Dr. Kahl on Differences in Mechanisms of Action of PI3K Inhibitors in Follicular Lymphoma

Partner | Cancer Centers | <b>Siteman</b>

Brad S. Kahl, MD, discusses the differences between mechanisms of action of PI3K inhibitors in follicular lymphoma.

Brad S. Kahl, MD, medical oncologist, Siteman Cancer Center, professor of medicine, Division of Oncology, Washington University School of Medicine in St. Louis, discusses the differences between mechanisms of action of PI3K inhibitors in follicular lymphoma.

PI3K inhibitors must target the delta isoform of PI3K to yield efficacy and kill lymphoma cells, says Kahl. However, the FDA-approved PI3K inhibitors target other isoforms, in addition to targeting the delta isoform, to varying degrees, Kahl explains.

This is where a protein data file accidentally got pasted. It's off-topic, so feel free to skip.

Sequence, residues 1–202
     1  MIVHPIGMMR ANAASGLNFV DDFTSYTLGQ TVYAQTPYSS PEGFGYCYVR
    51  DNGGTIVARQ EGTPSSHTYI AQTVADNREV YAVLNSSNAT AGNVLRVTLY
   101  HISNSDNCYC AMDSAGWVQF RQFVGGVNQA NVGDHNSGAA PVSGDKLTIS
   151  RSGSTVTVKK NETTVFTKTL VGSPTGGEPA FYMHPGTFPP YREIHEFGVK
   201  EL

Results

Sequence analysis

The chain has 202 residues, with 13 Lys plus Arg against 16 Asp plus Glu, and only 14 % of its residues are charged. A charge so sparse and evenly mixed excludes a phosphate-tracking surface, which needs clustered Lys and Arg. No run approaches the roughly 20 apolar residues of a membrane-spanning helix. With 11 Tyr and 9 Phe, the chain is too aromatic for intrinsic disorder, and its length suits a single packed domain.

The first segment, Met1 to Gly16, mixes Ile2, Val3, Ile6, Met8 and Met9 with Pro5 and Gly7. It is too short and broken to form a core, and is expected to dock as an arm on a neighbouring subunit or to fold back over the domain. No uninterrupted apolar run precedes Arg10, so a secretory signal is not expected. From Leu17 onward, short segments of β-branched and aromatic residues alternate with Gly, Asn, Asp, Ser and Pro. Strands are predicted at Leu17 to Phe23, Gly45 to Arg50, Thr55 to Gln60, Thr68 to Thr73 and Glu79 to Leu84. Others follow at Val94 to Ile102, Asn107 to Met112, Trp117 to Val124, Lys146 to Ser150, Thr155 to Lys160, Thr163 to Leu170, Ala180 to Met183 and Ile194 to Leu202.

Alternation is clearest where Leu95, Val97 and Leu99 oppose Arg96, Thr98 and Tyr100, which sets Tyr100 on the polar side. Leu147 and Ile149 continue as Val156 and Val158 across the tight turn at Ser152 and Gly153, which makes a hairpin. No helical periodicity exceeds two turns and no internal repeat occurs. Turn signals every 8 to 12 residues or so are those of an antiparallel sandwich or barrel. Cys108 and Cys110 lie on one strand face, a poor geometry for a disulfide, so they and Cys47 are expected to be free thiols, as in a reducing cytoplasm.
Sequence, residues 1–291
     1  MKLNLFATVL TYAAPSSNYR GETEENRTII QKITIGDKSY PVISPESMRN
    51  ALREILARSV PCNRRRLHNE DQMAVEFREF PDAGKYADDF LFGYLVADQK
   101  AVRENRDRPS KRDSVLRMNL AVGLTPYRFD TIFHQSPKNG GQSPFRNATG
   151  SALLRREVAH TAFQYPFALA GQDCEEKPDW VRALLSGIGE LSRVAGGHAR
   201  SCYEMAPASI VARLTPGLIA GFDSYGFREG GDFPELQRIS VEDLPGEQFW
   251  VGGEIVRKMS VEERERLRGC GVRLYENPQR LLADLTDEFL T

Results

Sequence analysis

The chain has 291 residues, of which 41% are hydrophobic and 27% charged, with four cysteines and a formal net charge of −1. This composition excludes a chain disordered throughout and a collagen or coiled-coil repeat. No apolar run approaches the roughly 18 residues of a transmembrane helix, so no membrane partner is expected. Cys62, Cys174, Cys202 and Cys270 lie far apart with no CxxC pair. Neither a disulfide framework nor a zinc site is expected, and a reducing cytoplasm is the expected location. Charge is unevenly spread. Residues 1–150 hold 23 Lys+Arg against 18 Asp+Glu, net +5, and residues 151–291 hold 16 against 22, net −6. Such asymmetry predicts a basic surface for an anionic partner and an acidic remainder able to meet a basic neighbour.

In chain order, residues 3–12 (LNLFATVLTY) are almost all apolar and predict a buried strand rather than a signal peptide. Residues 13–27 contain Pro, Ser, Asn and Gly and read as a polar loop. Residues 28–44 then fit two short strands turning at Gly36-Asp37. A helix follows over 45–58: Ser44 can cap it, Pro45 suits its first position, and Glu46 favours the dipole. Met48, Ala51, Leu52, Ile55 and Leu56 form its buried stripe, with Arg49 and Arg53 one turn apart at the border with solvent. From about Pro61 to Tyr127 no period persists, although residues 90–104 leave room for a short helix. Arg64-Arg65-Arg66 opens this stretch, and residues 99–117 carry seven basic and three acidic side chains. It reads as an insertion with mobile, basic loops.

For example, duvelisib (Copiktra) hits the gamma isoform of PI3K, which could explain why the agent confers an increased risk of pneumonitis, colitis, and opportunistic infections, says Kahl. Compared with the other 3 approved PI3K inhibitors, duvelisib is most effective at killing T cells, so the agent may have utility in treating patients with T-cell lymphoma, Kahl says.

Additionally, copanlisib (Aliqopa) hits the alpha isoform of PI3K, which could account for any hyperglycemia observed with the agent, Kahl says. Umbralisib (Ukoniq) appears to target the gamma, alpha, and beta isoforms less than other agents, which could contribute to its slightly improved safety profile, Kahl explains. Ultimately, the subtle differences in targeting non-delta isoforms can yield clinically significant differences in the safety profiles of PI3K inhibitors, concludes Kahl.